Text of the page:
Soucie’s concerns reflect a complicated reality for makers and manufacturers. The COVID-19 crisis, almost overnight, created arbitrary winners and losers. Companies based near outbreak hotspots face tough restrictions, while others have been able to keep manufacturing with little-to-no disruption. Small makers can often fly under the radar, while bigger brands have to shut down. With little rhyme or reason, some are "essential," and others aren't. Most have some stock on hand, but face unique challenges in producing new goods—or getting what they have out the door. Being able to produce and ship can often be down to a line-by-line basis, or even SKU by SKU. These days, “open for business” is relative.
Carol Gregg, founder of North Carolina–based furniture company Red Egg, has managed to avoid the effects of a statewide shutdown of nonessential businesses. Her wood pieces are produced by a network of artisans at small local workshops who can all effectively work from home. “Woodworkers are notoriously socially isolated anyway,” says Gregg, laughing. “They’re all hunkered down, so I won’t have any disruptions there.”
For Red Egg’s rattan pieces, however, there are complications. Gregg imports the furniture from a factory in the Philippines, then finishes locally. She has a decent amount of stock in storage at the moment, but is warning designers that there may be some delays on new orders. The issue isn’t overseas production—the factory is open—but the complicated chain of logistics required to ship rattan across the globe.
“The ocean carriers and the docks—we don’t know what’s going to happen there,” says Gregg. “We’ve had dock closures intermittently because of COVID. … The factory can go ahead, but someone at the port can say, ‘No containers for a week.’”
For David Calligeros, the founder of Brooklyn-based lighting maker Remains Lighting, the challenge isn’t raw materials—most of his suppliers also ship to military and medical producers and have been deemed exempt from New York’s shutdown. (There was a close call with some Italian glass, but Calligeros was able to get it shipped to the States via Russia. “It arrived sooner than it would have normally!” he marvels.)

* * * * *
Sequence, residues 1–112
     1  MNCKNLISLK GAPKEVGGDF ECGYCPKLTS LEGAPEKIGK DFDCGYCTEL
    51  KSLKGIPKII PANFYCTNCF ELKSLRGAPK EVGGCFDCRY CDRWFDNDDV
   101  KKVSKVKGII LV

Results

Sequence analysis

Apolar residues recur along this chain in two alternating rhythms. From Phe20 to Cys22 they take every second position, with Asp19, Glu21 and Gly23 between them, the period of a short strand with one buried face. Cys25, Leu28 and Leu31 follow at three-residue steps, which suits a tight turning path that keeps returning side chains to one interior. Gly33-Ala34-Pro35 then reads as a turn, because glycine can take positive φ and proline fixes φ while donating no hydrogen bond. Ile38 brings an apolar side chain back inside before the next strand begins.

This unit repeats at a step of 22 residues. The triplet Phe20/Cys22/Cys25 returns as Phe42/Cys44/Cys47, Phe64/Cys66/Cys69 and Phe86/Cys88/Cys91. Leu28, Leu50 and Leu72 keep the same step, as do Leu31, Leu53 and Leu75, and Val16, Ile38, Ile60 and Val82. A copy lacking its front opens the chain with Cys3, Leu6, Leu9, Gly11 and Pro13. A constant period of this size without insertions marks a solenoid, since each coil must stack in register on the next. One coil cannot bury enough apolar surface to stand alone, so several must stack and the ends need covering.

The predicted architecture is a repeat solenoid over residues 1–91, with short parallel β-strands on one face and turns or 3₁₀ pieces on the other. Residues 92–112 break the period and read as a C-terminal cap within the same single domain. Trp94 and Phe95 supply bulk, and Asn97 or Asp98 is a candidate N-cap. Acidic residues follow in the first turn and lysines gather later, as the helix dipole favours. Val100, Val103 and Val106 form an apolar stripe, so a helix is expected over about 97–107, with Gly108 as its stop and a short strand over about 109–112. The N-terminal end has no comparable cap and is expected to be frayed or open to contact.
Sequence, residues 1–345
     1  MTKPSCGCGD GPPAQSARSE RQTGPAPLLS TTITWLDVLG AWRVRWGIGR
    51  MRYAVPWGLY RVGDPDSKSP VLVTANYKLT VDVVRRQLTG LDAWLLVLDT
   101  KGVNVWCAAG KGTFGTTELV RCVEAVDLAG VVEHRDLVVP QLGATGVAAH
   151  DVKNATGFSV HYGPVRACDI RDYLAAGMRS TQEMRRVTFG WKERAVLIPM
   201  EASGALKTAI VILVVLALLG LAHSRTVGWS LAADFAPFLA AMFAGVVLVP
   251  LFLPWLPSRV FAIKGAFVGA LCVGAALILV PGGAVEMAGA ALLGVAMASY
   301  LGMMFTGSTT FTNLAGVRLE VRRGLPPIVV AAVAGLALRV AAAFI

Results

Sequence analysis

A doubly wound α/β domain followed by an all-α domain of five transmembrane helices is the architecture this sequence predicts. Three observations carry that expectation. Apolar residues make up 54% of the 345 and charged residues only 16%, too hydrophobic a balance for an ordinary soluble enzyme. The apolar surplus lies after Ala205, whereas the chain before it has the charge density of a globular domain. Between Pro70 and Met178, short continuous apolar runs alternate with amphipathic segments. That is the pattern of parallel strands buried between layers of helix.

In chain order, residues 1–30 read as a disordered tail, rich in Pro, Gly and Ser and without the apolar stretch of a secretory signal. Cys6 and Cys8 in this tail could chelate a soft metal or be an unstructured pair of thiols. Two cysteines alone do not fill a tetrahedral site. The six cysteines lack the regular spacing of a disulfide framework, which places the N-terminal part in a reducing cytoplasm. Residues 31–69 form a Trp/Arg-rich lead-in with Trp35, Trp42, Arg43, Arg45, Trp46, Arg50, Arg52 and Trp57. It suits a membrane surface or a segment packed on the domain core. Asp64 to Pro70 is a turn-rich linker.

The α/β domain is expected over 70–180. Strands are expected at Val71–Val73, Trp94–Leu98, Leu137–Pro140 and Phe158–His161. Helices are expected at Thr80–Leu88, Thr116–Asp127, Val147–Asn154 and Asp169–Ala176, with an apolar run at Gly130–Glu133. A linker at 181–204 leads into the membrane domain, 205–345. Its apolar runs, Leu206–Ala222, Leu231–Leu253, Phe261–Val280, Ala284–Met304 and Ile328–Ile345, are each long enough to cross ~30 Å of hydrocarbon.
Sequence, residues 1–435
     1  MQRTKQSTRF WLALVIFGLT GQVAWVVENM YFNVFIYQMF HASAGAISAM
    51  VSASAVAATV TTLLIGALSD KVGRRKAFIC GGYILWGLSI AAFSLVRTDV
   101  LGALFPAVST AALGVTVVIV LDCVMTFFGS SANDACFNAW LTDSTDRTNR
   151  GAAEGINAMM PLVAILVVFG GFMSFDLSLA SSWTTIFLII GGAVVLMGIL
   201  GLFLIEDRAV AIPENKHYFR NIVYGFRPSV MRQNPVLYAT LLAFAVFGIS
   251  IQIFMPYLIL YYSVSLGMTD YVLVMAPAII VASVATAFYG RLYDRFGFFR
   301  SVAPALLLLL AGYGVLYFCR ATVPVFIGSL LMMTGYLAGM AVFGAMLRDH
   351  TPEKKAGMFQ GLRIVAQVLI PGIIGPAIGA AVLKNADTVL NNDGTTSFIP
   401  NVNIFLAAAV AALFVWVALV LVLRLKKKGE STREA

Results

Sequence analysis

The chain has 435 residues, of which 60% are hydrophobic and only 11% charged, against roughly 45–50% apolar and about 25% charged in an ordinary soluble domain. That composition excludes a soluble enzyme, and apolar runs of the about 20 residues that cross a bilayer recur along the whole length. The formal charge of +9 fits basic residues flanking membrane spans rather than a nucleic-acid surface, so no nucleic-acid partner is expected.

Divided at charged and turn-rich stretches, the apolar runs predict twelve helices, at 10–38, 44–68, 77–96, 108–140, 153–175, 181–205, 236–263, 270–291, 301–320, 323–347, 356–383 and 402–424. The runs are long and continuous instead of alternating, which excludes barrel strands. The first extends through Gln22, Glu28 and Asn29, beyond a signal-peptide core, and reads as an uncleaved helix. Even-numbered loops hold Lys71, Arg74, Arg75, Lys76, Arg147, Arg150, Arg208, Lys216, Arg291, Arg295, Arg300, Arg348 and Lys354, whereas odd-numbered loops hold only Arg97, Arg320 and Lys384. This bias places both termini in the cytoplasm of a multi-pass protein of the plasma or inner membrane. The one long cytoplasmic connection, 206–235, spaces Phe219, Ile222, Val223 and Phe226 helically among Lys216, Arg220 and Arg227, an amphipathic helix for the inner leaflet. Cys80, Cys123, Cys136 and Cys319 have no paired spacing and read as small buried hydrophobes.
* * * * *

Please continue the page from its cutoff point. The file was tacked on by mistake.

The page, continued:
Instead, the company’s hurdle has been to keep making. With his small factory closed in March by New York’s stay-at-home orders, Calligeros has been coming into the facility himself to run CNC machines, alternating shifts with an employee who ships orders for the antique pieces his company also sells. Recently, however, he was able to obtain a waiver from the state allowing him to reopen the factory as long as he maintained social distancing and safety measures. “We’re not going to open up showrooms, but we’ll be running production on a modest scale,” he says. “We have 10 bathrooms for 12 people and can be very safe here.”
In New York, the safety concern is not only for the production environment, but also for the commute. Calligeros has been assembling COVID kits consisting of masks and gloves for his workers. Legal permission to reopen or no, he wants to make sure he can responsibly ask his workers to brave the subway.
Getting production back up, he says, is an essential component of keeping conversations going with designers—he’s now able to offer a clear timeline to an order’s completion. “It comes down to being able to give our clients a sense that they can trust their orders are going to get processed when they put them in,” says Calligeros. “Otherwise, what’s your business proposition: Give me your money and maybe I’ll ship the stuff to you at some unspecified date in the future?”
Though ramping up production capabilities will take some time, he recognizes that, in New York, he’s one of the lucky ones. “There are plenty of people who don’t know when they can reopen, and it’s totally debilitating.”
Both Calligeros and Gregg run relatively small operations and are in frequent touch with their clients, which goes a long way toward assuaging designers’ concerns. But absent a direct line of communication, many designers are forced to play a guessing game, piecing together bits of information and wayward gossip in an attempt to suss out which vendors can be relied upon.
“You have to use common sense and you have to read a lot, like never before, about what’s going on in our industry,” says Soucie. “Larger companies have a lot of fixed costs like showroom rents and salaries—they’re not going to have a lot of choices [in where to cut back].”
On the other hand, larger companies have more resources at their disposal. “We’ve come out of very good years,” says Drake. “Those companies that were big and vibrant, with fresh product on a regular basis, you feel confident they have the money socked away—or they have the support of their business partners and lenders and they’ll make it through all right.”
Large or small, the new table stake for any brand is transparency. Companies that don’t pick up the phone, or aren’t willing to send detailed updates about the state of their operations, are rapidly falling out of favor with designers. Now more than ever, vendors have to be willing to field tough questions.